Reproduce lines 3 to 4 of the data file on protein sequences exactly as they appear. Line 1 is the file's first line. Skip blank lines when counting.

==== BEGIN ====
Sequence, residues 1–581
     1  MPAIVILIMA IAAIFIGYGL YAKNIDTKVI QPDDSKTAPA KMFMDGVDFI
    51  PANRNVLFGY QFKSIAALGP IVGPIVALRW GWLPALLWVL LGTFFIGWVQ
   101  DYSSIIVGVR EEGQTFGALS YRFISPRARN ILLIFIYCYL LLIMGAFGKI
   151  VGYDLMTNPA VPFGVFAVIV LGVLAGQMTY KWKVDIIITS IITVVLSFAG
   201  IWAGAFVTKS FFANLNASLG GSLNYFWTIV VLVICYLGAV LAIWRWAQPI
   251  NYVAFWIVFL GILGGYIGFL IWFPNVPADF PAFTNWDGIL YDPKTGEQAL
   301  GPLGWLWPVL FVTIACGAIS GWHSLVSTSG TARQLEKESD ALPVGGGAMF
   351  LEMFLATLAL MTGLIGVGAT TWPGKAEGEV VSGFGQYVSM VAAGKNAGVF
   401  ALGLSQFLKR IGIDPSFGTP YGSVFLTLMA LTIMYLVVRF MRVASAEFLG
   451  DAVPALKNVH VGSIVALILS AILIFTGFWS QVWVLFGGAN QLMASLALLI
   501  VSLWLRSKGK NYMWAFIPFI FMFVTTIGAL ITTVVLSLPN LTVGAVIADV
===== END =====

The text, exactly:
    51  PANRNVLFGY QFKSIAALGP IVGPIVALRW GWLPALLWVL LGTFFIGWVQ
   101  DYSSIIVGVR EEGQTFGALS YRFISPRARN ILLIFIYCYL LLIMGAFGKI